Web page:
COVID-19’s Unequal Consequences
The pandemic is disproportionately harming people of color in the United States.
When powerful political leaders, professional athletes, and even famous actors like Tom Hanks caught the novel coronavirus in 2020, many observers called COVID-19 a “great equalizer.”
But in the United States, it quickly became clear that this was not the case. Among the country’s three largest racial and ethnic groups (white, Black, and Hispanic/Latinx), the Black and Hispanic/Latinx communities have faced higher infection and mortality rates from COVID-19 and a greater likelihood of job loss due to the pandemic.
This lesson examines how generations of discriminatory laws, customs, and institutions—also known as systemic racism—have driven a disproportionately deadly and costly pandemic for Black and Hispanic/Latinx communities.
It’s a centuries-old problem that the United States’ health-care system produces vastly different outcomes on the basis of race and ethnicity. As one old saying goes: “When white America catches a cold, Black America gets pneumonia.” This problem took on new urgency when COVID-19 reached the United States.
Black Americans have contracted the novel coronavirus 2.6 times more often than white Americans, while Hispanic/Latinx Americans have faced almost triple the risk of infection.
Perhaps most striking, however, has been the deadliness of this virus for communities of color. Hispanic/Latinx Americans have a slightly higher risk of dying from the coronavirus compared to their white counterparts, while Black Americans face more than twice that risk.
The COVID-19 pandemic has also caused a particularly devastating economic crisis for Black and Hispanic/Latinx communities. As of April 2020, more than six in ten Hispanic adults reported they or someone in their household had experienced a job loss or taken a pay cut because of the pandemic. About 44 percent of Black adults and 38 percent of white adults reported the same.
What Drives Different Outcomes?
For generations, systemic racism has created unequal access to housing, wealth, education, and health care for communities of color in the United States. This disparity has led to a pandemic that is deadlier and costlier for Black and Hispanic/Latinx Americans. Let’s examine how.
Housing: People of color are more likely than white Americans to live in densely populated areas, partly due to a discriminatory federal housing policy known as redlining. From the 1930s to 1960s, redlining deemed Black and other minority neighborhoods “hazardous” for investors, resulting in deliberate underdevelopment and underinvestment in those communities. This discrimination allowed many white Americans to move into more affluent suburbs while excluding people of color.
Today, the legacy of redlining can still be seen in how COVID-19 has torn through minority neighborhoods. These communities face a host of challenges, including crowded living conditions, higher rates of air pollution, and fewer grocery stores with healthy food options. These and other such factors contribute to Black and Hispanic/Latinx Americans facing higher rates of high blood pressure, obesity, and diabetes—which can make COVID-19 even more dangerous. About 90 percent of people hospitalized with coronavirus in March had one of these or similar preexisting conditions.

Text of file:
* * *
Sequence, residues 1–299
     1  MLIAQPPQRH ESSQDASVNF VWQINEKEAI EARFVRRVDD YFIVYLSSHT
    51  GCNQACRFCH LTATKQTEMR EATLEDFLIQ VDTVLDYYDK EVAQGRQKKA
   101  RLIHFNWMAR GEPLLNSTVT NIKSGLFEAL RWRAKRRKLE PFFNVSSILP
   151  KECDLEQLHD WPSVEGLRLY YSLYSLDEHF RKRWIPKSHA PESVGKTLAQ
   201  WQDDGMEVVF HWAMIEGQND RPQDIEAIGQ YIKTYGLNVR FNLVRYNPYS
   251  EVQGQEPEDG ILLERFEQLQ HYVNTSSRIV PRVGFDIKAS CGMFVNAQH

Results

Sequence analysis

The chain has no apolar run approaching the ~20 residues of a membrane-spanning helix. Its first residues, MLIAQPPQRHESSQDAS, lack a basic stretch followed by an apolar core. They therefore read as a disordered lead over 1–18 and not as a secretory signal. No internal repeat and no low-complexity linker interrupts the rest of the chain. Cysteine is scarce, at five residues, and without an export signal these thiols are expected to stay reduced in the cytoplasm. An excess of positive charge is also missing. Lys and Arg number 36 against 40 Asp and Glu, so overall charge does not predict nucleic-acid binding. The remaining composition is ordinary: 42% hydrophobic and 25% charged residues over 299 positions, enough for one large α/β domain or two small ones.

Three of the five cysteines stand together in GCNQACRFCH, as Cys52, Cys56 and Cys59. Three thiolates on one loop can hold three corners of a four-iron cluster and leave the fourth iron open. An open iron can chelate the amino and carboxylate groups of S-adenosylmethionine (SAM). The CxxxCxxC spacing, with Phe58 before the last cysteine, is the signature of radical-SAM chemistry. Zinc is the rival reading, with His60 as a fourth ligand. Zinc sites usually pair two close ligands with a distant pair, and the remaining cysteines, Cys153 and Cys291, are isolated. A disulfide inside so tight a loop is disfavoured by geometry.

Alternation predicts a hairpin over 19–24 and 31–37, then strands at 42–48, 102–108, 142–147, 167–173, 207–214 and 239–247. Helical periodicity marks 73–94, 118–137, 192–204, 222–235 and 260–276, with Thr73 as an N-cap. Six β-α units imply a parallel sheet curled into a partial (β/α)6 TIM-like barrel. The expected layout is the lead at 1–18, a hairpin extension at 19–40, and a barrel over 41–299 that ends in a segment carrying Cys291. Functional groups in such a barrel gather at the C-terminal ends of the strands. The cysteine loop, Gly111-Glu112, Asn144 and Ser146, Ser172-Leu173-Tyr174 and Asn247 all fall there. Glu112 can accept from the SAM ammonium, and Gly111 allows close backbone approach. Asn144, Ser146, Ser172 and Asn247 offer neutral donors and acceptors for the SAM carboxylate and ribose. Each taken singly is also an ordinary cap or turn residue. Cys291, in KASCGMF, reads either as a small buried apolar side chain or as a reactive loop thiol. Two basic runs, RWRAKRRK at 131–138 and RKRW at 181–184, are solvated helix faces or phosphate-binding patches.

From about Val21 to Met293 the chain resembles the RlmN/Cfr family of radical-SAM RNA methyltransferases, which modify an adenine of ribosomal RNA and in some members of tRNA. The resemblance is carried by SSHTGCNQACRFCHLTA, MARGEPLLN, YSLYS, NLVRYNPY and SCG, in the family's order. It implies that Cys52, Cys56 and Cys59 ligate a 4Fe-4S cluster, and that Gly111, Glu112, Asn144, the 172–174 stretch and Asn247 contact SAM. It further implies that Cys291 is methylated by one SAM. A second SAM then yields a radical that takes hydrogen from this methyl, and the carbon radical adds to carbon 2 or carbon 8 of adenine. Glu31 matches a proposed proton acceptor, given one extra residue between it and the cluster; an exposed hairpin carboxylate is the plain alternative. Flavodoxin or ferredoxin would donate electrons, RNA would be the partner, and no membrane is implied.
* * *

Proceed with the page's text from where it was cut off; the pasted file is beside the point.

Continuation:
Wealth: Generations of systemic racism have contributed to massive wealth disparities in the United States. White Americans’ median household wealth is $171,000 compared to $20,600 for Hispanic/Latinx Americans and $17,100 for Black Americans.
Homeownership is one of the most important mechanisms for accumulating wealth, but the legacy of redlining has contributed to a lasting devaluation of Black-owned property. Today, homes in mostly Black neighborhoods are valued 23 percent lower than homes in neighborhoods with few Black residents.
With less accumulated wealth and higher rates of wage and job loss due to COVID-19, Black and Hispanic/Latinx Americans are particularly economically vulnerable in the pandemic. They are less likely than their white counterparts to have enough financial savings to cover emergency expenses.
Occupation: COVID-19 split the American workforce in two. Some jobs allowed employees to work from home, while others required staff—deemed essential workers—to continue coming in person. Black and Hispanic/Latinx Americans are disproportionately represented across several frontline industries, including public transit and building cleaning services, in which they risk exposure to COVID-19. At the same time, Black and Hispanic/Latinx workers have also been more vulnerable to layoffs during the pandemic.